With almonds and alfalfa coming in for criticism amid California’s drought, Gov. Jerry Brown argued Thursday against any “Big Brother” effort to curtail production of water-heavy crops.

Western Water Magazine

The View From Above: The Promise of Remote Sensing
March/April 2015

This issue looks at remote sensing applications and how satellite information enables analysts to get a better understanding of snowpack, how much water a plant actually uses, groundwater levels, levee stability and more.

Aquafornia news NPR

Redistribute California’s water? Not without a fight (with audio)

There’s a lot at stake, including your very own nuts, fruit and vegetables, because most of the water that’s up for grabs in California goes to farmers. This year, some farmers will get water, and others will not, simply based on when their land was first irrigated. Consider, for instance, the case of Cannon Michael.

Aquafornia news Los Angeles Times

With his well nearly dry, a farmer draws on his resolve

The 32-year-old farmer in the barber’s chair said his well wouldn’t make it to summer. … It was late afternoon at the tail end of what should have been the rainy season in the fourth year of the California drought.

Aquafornia news Stockton Record

Almonds really not that thirsty, supporters say

As California moves into the fourth year of a withering drought and Gov. Jerry Brown announces mandatory water use restrictions on the state’s 39 million residents, attention has focused on its thirsty agricultural industry and, in particular, rapidly expanding almond orchards.

Aquafornia news The New York Times

Commentary: Making sense of water

Almost every number used to analyze California’s drought can be debated, but this can be safely said: No level of restrictions on residential use can solve the problem. The solution lies with agriculture, which consumes more than its fair share.

Aquafornia news Stockton Record

Deal made in water conflict — again

It was that kind of week in south San Joaquin and Stanislaus counties, where the struggle over scarce water intensified, with two agricultural water districts going so far as to briefly defy a federal order to provide flows for fish.

Aquafornia news Los Angeles Times

San Diego County farmers warn water reduction rules will be ‘devastating’

A water district serving farmers in northern San Diego County has asked state water officials who are devising cutback regulations for the same exemption given to farmers in the Central Valley.

Aquafornia news Los Angeles Times

Gov. Jerry Brown’s rural excursion underlines his support for farmers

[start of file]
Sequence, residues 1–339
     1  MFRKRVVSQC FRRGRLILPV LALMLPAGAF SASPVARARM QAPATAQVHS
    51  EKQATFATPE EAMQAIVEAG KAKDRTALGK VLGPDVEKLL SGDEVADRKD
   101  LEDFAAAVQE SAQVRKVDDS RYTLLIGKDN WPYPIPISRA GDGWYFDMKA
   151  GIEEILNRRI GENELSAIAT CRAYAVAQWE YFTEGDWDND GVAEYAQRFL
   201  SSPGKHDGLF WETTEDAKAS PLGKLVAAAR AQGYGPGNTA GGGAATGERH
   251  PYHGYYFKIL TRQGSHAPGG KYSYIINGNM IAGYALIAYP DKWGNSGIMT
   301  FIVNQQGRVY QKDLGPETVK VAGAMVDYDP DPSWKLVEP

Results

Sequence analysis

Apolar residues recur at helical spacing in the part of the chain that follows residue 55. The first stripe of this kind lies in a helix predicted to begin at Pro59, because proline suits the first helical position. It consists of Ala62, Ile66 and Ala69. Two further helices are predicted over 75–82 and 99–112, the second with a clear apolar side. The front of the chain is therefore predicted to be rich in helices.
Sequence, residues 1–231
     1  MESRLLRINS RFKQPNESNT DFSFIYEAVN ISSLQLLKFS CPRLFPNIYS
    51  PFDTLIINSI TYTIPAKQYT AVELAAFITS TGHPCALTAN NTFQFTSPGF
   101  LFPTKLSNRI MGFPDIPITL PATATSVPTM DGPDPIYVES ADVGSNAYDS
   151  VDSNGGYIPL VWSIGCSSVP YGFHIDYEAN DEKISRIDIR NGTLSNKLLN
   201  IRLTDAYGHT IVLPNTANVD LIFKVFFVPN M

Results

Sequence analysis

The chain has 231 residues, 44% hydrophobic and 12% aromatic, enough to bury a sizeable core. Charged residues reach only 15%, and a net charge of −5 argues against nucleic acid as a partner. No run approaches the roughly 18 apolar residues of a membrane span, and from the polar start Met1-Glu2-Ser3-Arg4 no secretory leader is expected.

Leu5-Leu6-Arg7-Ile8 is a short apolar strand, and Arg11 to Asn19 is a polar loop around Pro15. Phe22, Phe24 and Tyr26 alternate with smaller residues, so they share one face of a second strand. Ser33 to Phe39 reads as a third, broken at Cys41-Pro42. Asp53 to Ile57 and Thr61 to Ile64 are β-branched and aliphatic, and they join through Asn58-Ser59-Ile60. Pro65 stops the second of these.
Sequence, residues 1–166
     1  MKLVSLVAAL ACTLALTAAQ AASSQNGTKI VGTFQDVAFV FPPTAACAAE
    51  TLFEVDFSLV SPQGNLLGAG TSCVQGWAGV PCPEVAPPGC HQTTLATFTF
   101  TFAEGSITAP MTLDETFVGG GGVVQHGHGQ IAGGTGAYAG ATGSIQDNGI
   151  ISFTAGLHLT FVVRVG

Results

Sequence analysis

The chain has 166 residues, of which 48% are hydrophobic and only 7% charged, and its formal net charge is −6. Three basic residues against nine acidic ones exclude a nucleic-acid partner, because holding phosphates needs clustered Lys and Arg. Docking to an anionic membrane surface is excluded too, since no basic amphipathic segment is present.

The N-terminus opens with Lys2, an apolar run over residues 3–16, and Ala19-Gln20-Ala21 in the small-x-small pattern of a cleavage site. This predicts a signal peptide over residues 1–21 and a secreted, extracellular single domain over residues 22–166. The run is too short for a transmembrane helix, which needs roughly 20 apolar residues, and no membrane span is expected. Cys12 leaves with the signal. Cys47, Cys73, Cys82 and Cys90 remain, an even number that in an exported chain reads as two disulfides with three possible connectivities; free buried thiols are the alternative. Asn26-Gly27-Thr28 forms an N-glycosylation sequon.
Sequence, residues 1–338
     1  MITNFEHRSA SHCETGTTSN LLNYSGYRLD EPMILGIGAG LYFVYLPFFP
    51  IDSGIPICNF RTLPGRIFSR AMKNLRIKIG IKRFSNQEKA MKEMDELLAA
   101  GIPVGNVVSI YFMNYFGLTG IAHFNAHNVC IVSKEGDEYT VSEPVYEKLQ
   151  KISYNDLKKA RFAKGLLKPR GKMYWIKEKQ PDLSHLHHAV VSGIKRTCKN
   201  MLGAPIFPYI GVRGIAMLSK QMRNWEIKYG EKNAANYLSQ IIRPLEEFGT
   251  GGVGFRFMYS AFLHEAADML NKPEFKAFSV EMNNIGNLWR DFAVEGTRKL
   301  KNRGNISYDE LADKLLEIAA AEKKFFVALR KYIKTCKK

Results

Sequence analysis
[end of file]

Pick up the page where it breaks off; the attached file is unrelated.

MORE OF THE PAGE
As California continues reeling from the drought, Gov. Jerry Brown on Saturday headed into the farmlands north of Sacramento, where concerns about the state’s parched spell are mounting after a dry winter.

Aquafornia news Los Angeles Times

Drought or not, water has long reigned in the Imperial Valley

Modern irrigation — aided by the Hoover Dam and the All-American Canal — transformed the Imperial Valley from a hostile desert into an agricultural marvel: a testament to generations of farmers and their use of cheap and plentiful water.

Aquafornia news Los Angeles Times

Farmers to city dwellers: We’re all in the drought together

As the months have worn on, drier and drier but for the very occasional gift from above, it has been hard to avoid a looming civil war in California over a common enemy, the drought.

Aquafornia news Capital Public Radio

Drought exacerbates California’s shrinking cotton crop

The cotton crop in California has been shrinking for the last decade, but this year’s planting could be the smallest since early last century.

Aquafornia news Chico Enterprise-Record

Feather River farmers see 50% water reductions

Even Northern California farmers with some of the best water rights in the state will see their water allocations decreased by 50 percent this year. Districts along the Feather River got the news Wednesday from the Department of Water Resources.

Aquafornia news The Sacramento Bee

California farmers mount PR campaign to counter backlash over water use

When Gov. Jerry Brown announced his unprecedented water use reduction order last week, California farmers were largely spared. They quickly developed another problem: Bad PR.

Aquafornia news The Modesto Bee

OID, SSJID defy federal fish flows

The Oakdale and South San Joaquin irrigation districts defied the federal government Wednesday by diverting some Stanislaus River water to a local reservoir, where it might help thirsty crops, rather than releasing it down the river to benefit fish.

Aquafornia news The Sacramento Bee